July 26, 2017

The Cisco Three-Layered Hierarchical Model

May 24, 2004 SemSim.com

Cisco has defined a hierarchical model known as the hierarchical internetworking model. This model simplifies the task of building a reliable, scalable, and less expensive hierarchical internetwork because rather than focusing on packet construction, it focuses on the three functional areas, or layers, of your network: […]

Cabling Cisco Devices

May 24, 2004 SemSim.com

Unshielded Twisted Pair (UTP) is a cable that has four pairs of wires twisted inside it to eliminate electrical interference. UTP cables are connected using RJ-45 connectors that have eight connector pins. The data equipment that is used for internetworking is classified as Data Terminal Equipment (DTE e.g. router interfaces) and Data Communication Equipment (DCE e.g. A WAN connects DTEs through DCE network). […]

Selecting Cisco Products

May 24, 2004 SemSim.com

You must understand the business requirements of the network before buying a product. Based on the requirements, you can select the appropriate Cisco products. […]

The ISAPI Execution Environment

May 10, 2004 Rainer Gerhards

This document bases on information and testing done with IIS 1.0. We have not re-tried it with later versions. However, we feel very comfortable with the information contained herein and think that it still is correct. […]

Installing MRTG on a Windows Platform

May 7, 2004 Beau Monday

MRTG is the most popular open source performance measuring tool being used around the world today. While MRTG is open source, it has been widely adopted by major companies everywhere who use it to measure network performance and adherence to SLAs, among other things. For an interesting snapshot of who is using MRTG, and for what purpose, go to MRTG’s “Where, What, How” page and have a look at some of the interesting things MRTG is being used to track. Although MRTG started out as an application to measure network performance on routers (MRTG stands for “Multi Router Traffic Grapher”), it is being used today to graph everything from traffic jams in the Netherlands to the local temperature in Wroclaw. If you can provide a numeric value to MRTG, it can produce a graph of it. […]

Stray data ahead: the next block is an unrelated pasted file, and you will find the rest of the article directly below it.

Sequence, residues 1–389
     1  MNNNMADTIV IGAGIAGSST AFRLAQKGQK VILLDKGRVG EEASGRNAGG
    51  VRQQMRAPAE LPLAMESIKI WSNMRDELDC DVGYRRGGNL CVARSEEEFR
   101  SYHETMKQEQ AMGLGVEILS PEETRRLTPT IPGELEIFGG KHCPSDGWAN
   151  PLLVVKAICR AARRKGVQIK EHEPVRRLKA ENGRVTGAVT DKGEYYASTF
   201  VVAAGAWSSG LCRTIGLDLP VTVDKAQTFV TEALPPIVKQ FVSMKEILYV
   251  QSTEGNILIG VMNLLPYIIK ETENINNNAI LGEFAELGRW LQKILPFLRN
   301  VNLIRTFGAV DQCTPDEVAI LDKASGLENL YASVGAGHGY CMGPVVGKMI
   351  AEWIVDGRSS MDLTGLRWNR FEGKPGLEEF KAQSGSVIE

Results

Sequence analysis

Layer 2 Switching and Bridging

May 4, 2004 Dan DiNicolo

Any look at network switching concepts will ultimately lead to a discussion about network bridging, and vice versa. At the end of the day, the roles played by a bridge and a switch are more or less identical – they help to break a network up into a number of smaller collision domains. Recall from earlier in the series that a collision domain is simply a group of computers amongst which data collisions can occur. For example, when connecting systems using a hub, all systems are considered to be part of the same collision domain, since the hub will simply forward data out all ports, with no regard for where the actual destination host is located. […]

Recovering System After Upgrade

March 17, 2004 A.P. Lawrence

Usually upgrades are binary: either they work or they don’t. Actually, my experience with SME upgrades has been very good: I’ve only had a very few where the upgrade process didn’t work at all. In those cases, you install new, apply all applicable blades, and then restore from backup. That’s annoying, but fairly simple. […]

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